"The chief source of art is man's pleasure in his daily work, which expresses itself and is embodied in that art itself."
William Morris (1834-1896)

Thursday, December 24, 2009

Happy Holidays!

Happy Holidays from home!
I wanted to share our annual Woodstock Santa Claus event with you but wouldn't you know, the camera's batteries went dead before Santa got there!! (We've been working diligently on photographing our work so we can upgrade our website with more closeups.) So we are calling on your faith that Santa did arrive and in style.... Each year he comes in a different vehicle. This year they built a cabin on the flatbed and Santa came up the chimney to the roof, preceded by sparkling dust!
I did get photos of the caroling we all joined in. The old Dutch church on the Village Green always has a brass band and choir leading the crowd in carols while we wait for Santa's arrival.

Woodstockers have a sense of humor. Many donned Santa hats, some with moving sparkles or reindeer antlers. The most uniquely Woodstocker, of course, were the ones that gave Santa the peace sign. Again, if only the camera would have worked!

It doesn't stop us from wishing you all the very best this holiday (whether or not you believe in Santa!)

Sunday, December 20, 2009

Completion of Tile Floor

The tile floor is completed and looks like it has always been there. Our living room is finally back in order. Now we can sit and admire the orchids as they bloom this winter.

This one, a favorite, is not in the first photo. It is next to me as I photograph. That's Cymbidium 'Golden Elf'.

Wednesday, December 9, 2009

Tile Floor

I've mentioned in an earlier post that we are trying to tile part of our living room floor. Most of the flooring is white oak but we needed to put something besides wood on the part of the floor that all my orchids are on since they are misted daily. (Yes, I know I should have a greenhouse, but....) Then again the wood stove is in the center of the northeast wall so having a wood floor instead of an official hearth was also not great. So we long ago decided to make our own tiles and create an L shape along the side of the living room by the stove and by the windows where the plants are. We already had been making some field & decorative tiles for others on a very small scale. Because we are not "tilemakers" per se, we are not set up to mass produce tiles, ie... we should be ram pressing tiles for efficiency or slab rolling them for uniqueness. Instead, we have made our own plaster molds around forms in this case made from plywood. Solid casting tiles is not the usual way to go but it works for us for a small production. The decorated tiles we sell at art fairs were made by Cherie sculpting images in bas relief on the surface of a cast tile and then making a mold around that.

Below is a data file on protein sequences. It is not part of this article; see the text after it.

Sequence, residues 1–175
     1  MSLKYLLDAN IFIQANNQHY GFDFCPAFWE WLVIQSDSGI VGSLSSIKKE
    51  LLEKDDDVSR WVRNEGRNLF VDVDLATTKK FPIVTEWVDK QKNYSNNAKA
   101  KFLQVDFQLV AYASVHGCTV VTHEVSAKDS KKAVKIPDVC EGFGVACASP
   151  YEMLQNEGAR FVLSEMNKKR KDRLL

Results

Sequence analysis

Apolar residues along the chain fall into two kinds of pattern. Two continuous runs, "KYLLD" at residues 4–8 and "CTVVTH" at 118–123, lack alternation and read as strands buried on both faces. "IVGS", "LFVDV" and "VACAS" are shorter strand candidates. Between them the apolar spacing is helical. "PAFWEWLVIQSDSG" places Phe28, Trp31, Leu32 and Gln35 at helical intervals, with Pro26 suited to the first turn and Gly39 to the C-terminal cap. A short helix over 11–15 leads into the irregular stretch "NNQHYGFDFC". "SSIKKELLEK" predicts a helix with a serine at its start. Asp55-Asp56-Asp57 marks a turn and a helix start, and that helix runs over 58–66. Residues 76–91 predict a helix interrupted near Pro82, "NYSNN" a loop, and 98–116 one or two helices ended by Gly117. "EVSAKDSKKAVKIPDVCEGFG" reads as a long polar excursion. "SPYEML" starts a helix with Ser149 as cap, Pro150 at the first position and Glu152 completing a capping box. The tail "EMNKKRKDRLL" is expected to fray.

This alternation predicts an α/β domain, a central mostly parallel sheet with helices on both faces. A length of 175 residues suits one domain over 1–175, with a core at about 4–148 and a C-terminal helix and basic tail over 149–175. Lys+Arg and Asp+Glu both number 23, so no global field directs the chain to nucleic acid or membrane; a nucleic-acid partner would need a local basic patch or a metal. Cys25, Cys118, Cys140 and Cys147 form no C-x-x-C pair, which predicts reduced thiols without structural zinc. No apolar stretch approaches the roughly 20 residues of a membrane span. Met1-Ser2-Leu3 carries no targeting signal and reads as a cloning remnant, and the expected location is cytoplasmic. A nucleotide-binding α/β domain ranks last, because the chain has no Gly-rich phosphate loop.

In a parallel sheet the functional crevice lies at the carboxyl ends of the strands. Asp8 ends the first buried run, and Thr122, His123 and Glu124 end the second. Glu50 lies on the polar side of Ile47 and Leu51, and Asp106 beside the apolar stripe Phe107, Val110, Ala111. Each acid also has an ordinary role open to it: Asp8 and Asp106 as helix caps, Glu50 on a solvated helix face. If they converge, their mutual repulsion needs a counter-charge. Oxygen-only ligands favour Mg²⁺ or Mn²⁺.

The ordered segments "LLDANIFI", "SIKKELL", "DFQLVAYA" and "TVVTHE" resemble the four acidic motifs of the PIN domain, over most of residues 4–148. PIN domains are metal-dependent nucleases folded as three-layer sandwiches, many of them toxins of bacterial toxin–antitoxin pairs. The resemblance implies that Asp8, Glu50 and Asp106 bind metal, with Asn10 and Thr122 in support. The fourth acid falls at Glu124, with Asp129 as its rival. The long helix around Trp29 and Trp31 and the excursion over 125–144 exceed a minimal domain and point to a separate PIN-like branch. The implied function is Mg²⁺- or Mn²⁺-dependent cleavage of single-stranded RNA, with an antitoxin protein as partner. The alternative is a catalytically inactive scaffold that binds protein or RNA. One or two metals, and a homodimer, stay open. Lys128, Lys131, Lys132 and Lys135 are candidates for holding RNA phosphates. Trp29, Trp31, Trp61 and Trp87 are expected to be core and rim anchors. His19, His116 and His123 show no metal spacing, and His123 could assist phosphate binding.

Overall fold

For this home improvement project, we had to cast a whole lot of field tiles. It seems like we've been doing this forever! Now that we are nearing the end of the project, I thought you might like to see some photos. Some of these were posted earlier; I've repeated them here just to have a continuity.

The photos above are all about solid casting a tile form. We mix our own porcelain slip which you see Steve pouring into the molds. Each mold has two holes on one side, one into which the slip is poured and the other where the slip comes out after it has completely filled the cavity. Slip is kept in the two funnels during the casting time to create a pressure of sorts. Once the appropriate time is up, the funnels and extra slip is removed and the tile remains in the closed mold until the plaster has absorbed the water from the clay. When the mold can be released from the back side, the tile has set up enough to plug the two holes. After some more set up time, the tiles are flipped out onto a plaster bat to set up further before we handle them without misshaping them.

This photo is of Steve cutting special sizes for around the stove and windows. We did not cut them after they were fired. It was easier for us to do custom make the shapes needed and it produced a smoother edge. Here are some drying on a rack with others behind them that have been glazed and ready to fire and one finished one.

Now for the laying of the tiles:
We put down tile board last year (!) This summer we finally had accumulated enough tiles to lay them out and see how they looked. We started in the corner.

Once we determined that we had almost enough tile to complete the installation,
Steve set the tile with adhesive.

To determine whether the grout color was to our liking, we made a mock up.

Grouting the tile was quite a messy job....let Cherie do that!